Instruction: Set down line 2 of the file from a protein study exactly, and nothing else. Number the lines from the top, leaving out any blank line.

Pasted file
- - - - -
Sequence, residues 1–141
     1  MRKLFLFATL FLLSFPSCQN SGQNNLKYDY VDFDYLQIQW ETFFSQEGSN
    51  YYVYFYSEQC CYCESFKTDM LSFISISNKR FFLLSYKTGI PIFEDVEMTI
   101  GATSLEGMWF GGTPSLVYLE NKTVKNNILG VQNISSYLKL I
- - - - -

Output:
     1  MRKLFLFATL FLLSFPSCQN SGQNNLKYDY VDFDYLQIQW ETFFSQEGSN